ANGER AT US BUILDS AT PORT-AU-PRINCE AIRPORT
PORT-AU-PRINCE (AFP) - Anger built Saturday at Haiti's US-controlled main airport, where aid flights were still being turned away and poor coordination continued to hamper the relief effort four days on.
"Let's take over the runway," shouted one voice. "We need to send a message to (US President Barack) Obama," cried another.
Control remained in the hands of US forces, who face criticism for the continued disarray at the overwhelmed airfield.
Dozens of French citizens and dual Haitian-French nationals crowded the airport Saturday seeking to be evacuated after Tuesday's massive 7.0 earthquake, which leveled much of the capital Port-au-Prince.
But at the last minute, a plane due to take them to the French island of Guadeloupe was prevented from landing, leaving them to sleep on the tarmac, waiting for a way out.
"They're repatriating the Americans and not anyone else," said Charles Misteder, 50. "The American monopoly has to end. They are dominating us and not allowing us to return home."
The crowd accused American forces, who were handed control of the airport by Haitian authorities, of monopolizing the airfield's single runway to evacuate their own citizens.
The US embassy denied it was putting the evacuation of the approximately 40,000 to 45,000 American citizens in the country first.
Others waiting for a way out were taken aback by the chaotic scenes confronted them when they arrived at the Toussaint L'Ouverture airport.
"I haven't been able to tell my family that I'm alive. The coordination is a joke," said Wilfried Brevil, a 33-year-old housekeeper.
"I was at the Christopher Hotel," said Daniele Saada, referring to the headquarters of the UN peacekeeping force in Haiti, MINUSTAH.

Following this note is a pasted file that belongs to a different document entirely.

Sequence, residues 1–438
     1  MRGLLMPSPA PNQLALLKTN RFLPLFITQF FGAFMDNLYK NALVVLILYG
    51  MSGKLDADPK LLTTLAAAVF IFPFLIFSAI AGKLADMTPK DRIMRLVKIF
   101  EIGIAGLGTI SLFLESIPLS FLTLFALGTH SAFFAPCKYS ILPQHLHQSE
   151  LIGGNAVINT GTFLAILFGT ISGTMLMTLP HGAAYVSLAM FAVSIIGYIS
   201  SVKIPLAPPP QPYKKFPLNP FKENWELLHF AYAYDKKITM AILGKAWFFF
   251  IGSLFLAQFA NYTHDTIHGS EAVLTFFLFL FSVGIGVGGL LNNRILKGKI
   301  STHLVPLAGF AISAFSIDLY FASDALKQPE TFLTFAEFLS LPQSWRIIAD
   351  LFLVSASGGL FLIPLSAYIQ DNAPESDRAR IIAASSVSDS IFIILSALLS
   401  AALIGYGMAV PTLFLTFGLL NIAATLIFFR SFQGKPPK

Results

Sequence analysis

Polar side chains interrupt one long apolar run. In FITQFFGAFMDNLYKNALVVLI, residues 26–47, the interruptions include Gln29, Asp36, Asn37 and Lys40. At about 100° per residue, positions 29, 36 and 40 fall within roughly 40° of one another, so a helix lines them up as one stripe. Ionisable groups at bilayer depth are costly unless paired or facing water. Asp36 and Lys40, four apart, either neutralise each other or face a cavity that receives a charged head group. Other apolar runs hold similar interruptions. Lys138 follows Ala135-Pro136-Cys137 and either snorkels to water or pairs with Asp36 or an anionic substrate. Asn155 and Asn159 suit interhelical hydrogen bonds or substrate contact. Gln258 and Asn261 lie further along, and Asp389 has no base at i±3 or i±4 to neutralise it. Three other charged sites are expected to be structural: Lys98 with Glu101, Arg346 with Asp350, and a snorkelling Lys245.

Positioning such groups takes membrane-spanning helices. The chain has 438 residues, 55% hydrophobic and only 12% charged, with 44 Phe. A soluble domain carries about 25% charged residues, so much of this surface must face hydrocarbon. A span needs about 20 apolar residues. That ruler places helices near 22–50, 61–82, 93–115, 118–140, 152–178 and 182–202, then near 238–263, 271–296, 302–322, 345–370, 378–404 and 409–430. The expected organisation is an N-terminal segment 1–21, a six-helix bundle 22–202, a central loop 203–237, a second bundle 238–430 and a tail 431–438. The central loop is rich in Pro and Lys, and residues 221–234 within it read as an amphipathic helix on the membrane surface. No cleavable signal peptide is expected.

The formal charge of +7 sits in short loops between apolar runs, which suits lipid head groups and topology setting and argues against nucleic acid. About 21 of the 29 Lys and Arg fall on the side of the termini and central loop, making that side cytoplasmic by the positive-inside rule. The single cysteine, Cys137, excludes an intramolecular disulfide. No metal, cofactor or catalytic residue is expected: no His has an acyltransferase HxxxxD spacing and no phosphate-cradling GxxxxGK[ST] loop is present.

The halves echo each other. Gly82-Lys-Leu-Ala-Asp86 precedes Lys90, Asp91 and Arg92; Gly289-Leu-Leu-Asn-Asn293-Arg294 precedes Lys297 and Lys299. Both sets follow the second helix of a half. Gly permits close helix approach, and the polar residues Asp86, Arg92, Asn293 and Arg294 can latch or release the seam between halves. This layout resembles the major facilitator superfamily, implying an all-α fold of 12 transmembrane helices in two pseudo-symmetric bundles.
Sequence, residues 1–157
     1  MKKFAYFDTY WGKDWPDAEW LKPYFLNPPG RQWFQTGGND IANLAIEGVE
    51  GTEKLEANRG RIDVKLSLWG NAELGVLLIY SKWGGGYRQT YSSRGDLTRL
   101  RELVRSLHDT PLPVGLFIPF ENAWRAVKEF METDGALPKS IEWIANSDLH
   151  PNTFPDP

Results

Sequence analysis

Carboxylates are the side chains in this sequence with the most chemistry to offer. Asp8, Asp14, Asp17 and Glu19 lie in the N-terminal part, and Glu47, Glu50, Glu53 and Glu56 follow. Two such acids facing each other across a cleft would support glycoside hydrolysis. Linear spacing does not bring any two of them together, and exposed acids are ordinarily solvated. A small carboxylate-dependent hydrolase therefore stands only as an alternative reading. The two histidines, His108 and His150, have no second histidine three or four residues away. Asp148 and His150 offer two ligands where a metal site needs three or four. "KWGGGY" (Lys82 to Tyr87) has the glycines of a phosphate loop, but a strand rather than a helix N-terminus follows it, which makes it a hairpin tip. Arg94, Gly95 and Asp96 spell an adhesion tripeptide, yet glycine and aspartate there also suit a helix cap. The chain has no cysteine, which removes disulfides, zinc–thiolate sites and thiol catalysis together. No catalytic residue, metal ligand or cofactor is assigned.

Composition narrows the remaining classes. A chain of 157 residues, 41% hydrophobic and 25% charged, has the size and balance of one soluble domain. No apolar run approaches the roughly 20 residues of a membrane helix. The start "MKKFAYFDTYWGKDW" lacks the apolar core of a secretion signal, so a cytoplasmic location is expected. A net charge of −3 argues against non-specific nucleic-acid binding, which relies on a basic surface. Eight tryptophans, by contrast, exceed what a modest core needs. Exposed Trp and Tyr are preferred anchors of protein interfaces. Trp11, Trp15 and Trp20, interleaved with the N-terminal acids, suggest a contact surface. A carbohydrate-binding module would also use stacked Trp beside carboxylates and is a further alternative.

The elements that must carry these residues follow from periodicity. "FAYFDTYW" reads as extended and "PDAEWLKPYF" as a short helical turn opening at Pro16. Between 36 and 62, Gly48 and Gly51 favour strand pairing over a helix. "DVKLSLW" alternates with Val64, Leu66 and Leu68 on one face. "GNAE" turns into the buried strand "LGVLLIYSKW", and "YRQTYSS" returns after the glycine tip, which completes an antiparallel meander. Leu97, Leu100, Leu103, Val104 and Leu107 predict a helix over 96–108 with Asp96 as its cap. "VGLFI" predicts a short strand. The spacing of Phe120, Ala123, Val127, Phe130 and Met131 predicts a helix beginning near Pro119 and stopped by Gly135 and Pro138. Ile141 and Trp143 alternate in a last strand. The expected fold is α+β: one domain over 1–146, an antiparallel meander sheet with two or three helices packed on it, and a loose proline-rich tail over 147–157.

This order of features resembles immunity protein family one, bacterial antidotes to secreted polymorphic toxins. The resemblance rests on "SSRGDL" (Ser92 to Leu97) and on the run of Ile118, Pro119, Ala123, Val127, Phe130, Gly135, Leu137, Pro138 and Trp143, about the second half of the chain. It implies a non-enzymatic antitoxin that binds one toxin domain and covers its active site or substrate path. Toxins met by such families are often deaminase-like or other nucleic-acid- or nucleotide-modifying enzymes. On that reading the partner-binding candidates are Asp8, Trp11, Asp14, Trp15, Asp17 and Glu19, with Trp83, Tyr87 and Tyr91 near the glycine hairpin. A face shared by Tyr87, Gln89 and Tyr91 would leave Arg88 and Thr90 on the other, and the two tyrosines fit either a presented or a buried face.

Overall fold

"I was extremely shaken up. I was pulled out, the others weren't," added Saada, 65, a MINUSTAH employee.
"I decided to return to France. I have nothing and now I am stuck," she said, caught between fury at the chaos and sheer exhaustion.
The disorder even appeared to cause diplomatic ripples, with French Secretary of State for Cooperation Alain Joyandet telling reporters he had lodged a complaint with the United States over its handling of the Port-au-Prince airport.
"I have made an official protest to the Americans through the US embassy," he said at the Haitian airport after a French plane carrying a field hospital was turned away.
A spokesman for the French foreign ministry later denied France had registered protest, saying "Franco-US coordination in emergency aid for Haiti is being handled in the best way possible given the serious difficulties."
The US ambassador to Haiti defended American efforts at the small airport, which was up-and-running 24 hours after the massive quake, even though the air traffic control tower was damaged.
"We're working in coordination with the United Nations and the Haitians," said Ambassador Kenneth Merten, though he acknowledged some difficulties.
"Clearly it's necessary to prioritize the planes. It's clear that there's a problem."
Despite the chaos, a group of French citizens was eventually able to take off on Saturday, and the French plane carrying a field hospital landed safely around noon.
Still, with aid continuing to flood into the quake-stricken country, concern remains about the lack of coordination at the airport, and across devastated Port-au-Prince.
"The Haitians haven't been notified about the arrival of planes. And when they do land, there's no one to take charge and a large amount of goods are arriving without coordination," said Haitian government official Michel Chancy.
On Port-au-Prince's streets, the consequences of the coordination breakdown are clear, as traumatized and starving quake survivors approached passing foreigner and begged them for food.